Student Body President

By the time you read this I will no longer be in office, and though the experience taught me innumeralable lessons, I will be happy to move on. Though no longer in office, I feel that it is imperative to reflect back both for the sake of SGA, in providing motivation and a challenge for the up-and-coming administration, but also to provide transparency and accountability to you, the students, demonstrating the potential changes that we as collected students can do when we move forward with passion and commitment. This transparency has been a continuing theme through my administration, making it such that you are as much a part of student government as any of those individuals you helped to elect into office. In order to do this I integrated my executive staff into the public senate meetings and required a brief report of what they engaged in throughout the week. We also increased transparency through the creation of Student Contact Reports, which were available in front of our office and during our bi-weekly tabling intuitive. The forms provided a space for you to write down any problems you have, and then for you to monitor the timeline of action being taken on your behalf. This year we addressed more than 50 of these issues. We created another avenue for input through the revision of our Web site, which was done in house by two seniors in computer science and multimedia respectively. In response to your input, student government implemented the following things on and off campus, and much more: • Adding 10 commuter bikes to the fleet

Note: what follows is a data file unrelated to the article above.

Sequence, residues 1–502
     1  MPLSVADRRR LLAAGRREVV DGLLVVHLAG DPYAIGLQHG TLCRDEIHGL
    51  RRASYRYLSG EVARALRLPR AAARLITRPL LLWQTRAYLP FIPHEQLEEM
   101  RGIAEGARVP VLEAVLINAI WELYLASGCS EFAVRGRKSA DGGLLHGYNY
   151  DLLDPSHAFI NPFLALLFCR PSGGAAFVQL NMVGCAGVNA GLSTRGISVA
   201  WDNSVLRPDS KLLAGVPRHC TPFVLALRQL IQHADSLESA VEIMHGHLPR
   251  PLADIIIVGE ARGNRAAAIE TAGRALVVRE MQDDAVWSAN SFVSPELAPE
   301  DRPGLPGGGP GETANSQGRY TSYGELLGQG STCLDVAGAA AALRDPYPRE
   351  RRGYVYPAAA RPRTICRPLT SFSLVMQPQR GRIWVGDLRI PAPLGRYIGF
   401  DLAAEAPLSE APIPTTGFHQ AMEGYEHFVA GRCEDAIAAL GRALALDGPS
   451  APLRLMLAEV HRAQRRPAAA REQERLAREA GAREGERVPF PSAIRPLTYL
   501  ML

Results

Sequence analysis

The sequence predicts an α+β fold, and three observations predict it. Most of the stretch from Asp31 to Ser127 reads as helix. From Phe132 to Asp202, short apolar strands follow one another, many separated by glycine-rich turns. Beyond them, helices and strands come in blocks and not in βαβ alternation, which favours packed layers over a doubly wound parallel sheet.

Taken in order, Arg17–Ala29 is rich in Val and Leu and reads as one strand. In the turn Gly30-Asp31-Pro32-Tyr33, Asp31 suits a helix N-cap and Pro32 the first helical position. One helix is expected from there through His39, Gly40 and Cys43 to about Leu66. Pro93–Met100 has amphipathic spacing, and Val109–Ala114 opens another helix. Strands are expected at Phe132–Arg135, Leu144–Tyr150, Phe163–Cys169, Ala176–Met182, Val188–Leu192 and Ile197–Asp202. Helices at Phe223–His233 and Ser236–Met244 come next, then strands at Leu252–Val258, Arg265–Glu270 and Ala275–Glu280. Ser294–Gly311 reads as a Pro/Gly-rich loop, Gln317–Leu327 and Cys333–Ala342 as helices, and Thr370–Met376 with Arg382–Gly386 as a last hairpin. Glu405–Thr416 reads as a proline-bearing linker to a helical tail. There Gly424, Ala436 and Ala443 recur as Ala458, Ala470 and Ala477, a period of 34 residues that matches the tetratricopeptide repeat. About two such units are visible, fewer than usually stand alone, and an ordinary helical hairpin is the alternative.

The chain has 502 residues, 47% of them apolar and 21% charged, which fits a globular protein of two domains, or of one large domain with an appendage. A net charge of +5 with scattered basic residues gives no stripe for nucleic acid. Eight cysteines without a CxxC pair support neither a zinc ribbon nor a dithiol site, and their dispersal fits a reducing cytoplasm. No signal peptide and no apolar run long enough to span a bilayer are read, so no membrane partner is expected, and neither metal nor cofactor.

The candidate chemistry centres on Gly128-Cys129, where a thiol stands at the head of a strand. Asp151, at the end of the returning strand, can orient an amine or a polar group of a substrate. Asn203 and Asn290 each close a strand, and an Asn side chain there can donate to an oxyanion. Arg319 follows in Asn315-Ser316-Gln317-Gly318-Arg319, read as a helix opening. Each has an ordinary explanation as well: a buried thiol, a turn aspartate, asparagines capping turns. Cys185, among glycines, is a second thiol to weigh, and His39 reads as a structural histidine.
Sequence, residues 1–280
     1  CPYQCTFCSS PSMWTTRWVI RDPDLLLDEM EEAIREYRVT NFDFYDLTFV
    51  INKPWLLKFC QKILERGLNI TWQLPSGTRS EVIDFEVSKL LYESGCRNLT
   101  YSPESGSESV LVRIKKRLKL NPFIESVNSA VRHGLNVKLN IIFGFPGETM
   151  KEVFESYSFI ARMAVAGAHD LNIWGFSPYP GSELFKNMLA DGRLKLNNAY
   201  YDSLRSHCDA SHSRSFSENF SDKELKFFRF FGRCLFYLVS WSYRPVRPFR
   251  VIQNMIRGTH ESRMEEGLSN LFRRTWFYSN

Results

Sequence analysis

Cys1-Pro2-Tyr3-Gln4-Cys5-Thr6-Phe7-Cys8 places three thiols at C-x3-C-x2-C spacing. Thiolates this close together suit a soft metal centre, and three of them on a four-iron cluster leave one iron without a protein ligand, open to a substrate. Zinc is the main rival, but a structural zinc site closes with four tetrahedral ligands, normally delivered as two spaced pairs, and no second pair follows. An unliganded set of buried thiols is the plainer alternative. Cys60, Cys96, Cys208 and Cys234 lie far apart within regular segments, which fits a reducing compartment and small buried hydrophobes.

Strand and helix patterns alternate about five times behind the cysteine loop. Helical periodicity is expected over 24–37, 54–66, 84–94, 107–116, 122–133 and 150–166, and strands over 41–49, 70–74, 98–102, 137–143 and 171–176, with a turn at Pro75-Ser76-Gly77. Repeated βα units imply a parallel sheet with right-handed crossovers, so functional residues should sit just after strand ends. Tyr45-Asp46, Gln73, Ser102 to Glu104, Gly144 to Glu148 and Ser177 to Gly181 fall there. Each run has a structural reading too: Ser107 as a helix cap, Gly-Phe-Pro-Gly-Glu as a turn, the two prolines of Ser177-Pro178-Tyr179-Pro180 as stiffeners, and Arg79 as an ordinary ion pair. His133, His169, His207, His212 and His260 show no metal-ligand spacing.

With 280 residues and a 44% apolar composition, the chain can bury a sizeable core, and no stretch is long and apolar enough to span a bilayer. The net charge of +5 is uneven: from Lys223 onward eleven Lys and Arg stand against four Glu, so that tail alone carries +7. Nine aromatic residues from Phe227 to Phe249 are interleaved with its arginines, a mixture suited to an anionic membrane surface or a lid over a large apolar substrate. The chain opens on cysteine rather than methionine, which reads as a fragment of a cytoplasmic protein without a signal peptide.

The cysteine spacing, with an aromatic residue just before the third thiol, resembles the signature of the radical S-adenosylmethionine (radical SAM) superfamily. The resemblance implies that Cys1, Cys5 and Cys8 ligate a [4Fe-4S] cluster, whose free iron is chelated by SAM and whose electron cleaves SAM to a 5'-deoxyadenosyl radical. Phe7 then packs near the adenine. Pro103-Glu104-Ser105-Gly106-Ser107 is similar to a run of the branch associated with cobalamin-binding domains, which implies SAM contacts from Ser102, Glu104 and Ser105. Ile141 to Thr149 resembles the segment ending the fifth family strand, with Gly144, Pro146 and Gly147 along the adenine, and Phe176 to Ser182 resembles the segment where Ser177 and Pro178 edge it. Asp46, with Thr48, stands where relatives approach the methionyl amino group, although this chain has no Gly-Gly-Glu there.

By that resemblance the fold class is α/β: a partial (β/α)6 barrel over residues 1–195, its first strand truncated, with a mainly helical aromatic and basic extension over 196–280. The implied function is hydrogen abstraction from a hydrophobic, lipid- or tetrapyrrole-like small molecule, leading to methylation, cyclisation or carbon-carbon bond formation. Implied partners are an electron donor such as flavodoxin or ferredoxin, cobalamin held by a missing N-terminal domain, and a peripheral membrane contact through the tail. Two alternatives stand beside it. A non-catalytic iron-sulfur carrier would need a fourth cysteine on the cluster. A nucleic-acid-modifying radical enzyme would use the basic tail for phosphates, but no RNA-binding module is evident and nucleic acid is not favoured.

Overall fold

See SGA Page 19

Thursday, April 2, 2009

{The Blue Banner}

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Getting down to business